2. I used to try to decorate it with bright colors, but it wasn’t really working. It seemed like the wood just soaked up all their brightness. Lately, I’ve tried to bring in a lot of black accessories instead. Wood is often the same “value” as so many colors, and black helps provide more visual contrast. The same goes for white. Basically, I try to introduce enough items/furnishings that are on the extremes of either end of the value spectrum that if I took a black and white picture of the room everything wouldn’t just blur into the “grey” of the wood.
3. I have made it my mission to eradicate all burgundy from the house. It just looks way too close to our medium-dark wood and makes it feel like there’s even more of it. I would say the same for blonde oak and yellow, etc., but of course YMMV.
Okay, I gotta wrap myself up before I talk about this all night. THANK YOU always for being such an incredible design blog. Your posts are always so put together and fresh and you approach things in such a simple yet effective way.
I loved reading your comment! So many good thoughts. It made we think a little more (and look a little more closely) to see how both black and metal play against wood. I think that westernized Feng Shui book is on to something 🙂
I really love the warmth and texture of wood. I’m pleased to now live in a house with hardwood floors, for example. I note, however, that all these glorious rooms have plenty of light. I think that is the key to making lots of wood work in a room otherwise it can feel oppressive like a musty old archive room.
I’m sorry, therefore, to confess that when we moved into our 1970s home, we painted over the woodwork in the family living room. It’s a dark room with not much natural light and the dark wood paneling made it very gloomy. I wanted to keep the textures of the wood so we didn’t remove the panelling but it’s still not properly “wood” now.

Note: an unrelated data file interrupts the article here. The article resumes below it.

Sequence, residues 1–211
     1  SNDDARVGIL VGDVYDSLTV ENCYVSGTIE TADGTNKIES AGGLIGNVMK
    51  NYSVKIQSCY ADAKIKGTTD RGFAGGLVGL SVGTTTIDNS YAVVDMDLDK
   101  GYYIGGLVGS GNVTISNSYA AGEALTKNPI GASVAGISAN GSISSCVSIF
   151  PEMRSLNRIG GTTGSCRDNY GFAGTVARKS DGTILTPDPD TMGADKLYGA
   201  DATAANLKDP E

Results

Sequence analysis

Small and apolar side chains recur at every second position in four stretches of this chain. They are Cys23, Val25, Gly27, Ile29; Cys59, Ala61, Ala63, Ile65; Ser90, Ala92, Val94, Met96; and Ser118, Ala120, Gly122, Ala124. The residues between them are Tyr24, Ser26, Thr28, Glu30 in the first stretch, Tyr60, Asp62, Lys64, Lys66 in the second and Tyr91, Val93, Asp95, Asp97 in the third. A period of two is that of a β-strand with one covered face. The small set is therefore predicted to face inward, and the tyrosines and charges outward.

Here’s the link to the relevant blog post if you are interested:
Mera and I are big proponents of folks doing whatever the heck they want with their own homes–so no sorry necessary! Good point about the natural light and thanks for the link to your post (so fun to see all the work you’re doing!).
I would love to paint the inside of out front door, but my husband is not a fan at all. I guess one has to pick their battles. Although the front door would be easy to paint, and I doubt he would even notice.
Ah Pippin. Are you familiar with the Deborah Needleman book ‘A Perfectly Imperfect Home’? There’s a real appropriate chapter on mollifiers in there 😉 But if he wouldn’t notice? Well then.
I love the natural wood(work). You rarely find a ‘new’ house with such beautiful wood work that isn’t over-the-top expensive!! Much of the ‘wood work’ today is a faux composite material that’s painted anyway. I also agree that lots of natural light is a bonus!
So true! Which I think is why people are so vehement (militant?) about not painting natural woodwork – it’s rare to find that kind of quality in newer homes.
Great examples here! The woodwork in historic homes is so beautiful–I definitely wouldn’t paint it myself. I have noticed a similar trend with brick, too. I was looking for some inspiration for my brick fireplace, but Pinterest’s main suggestion was to paint it white. Not happening! I’m sure it would look great white, but it’s original to my 1921 house, and I just don’t feel comfortable making a change like that that can’t be undone. I pretty much feel the same about good, old wood.
Ha! That’s such a Pinterest suggestion! It’s surprising how hard it is to find good photos of rooms that still have their original elements – most of the photos are the poorly-lit ‘befores’ in a post about painting it white. Hope you’ll flood the internet with pretty pics of your brick fireplace!
I understand the need to pick up a paint brush, but I am loving the wood mix lately.
Me too, Joyce!
Great roundup! I’ll admit I’m a fan of the “all white everything” but I agree it’s getting a little (okay, a lot) ubiquitous, and isn’t right for every situation. I do also love the look of raw wood so these are great! Also, more interior shutters in the Making It Lovely house! Maybe that needs to be the next roundup! 😉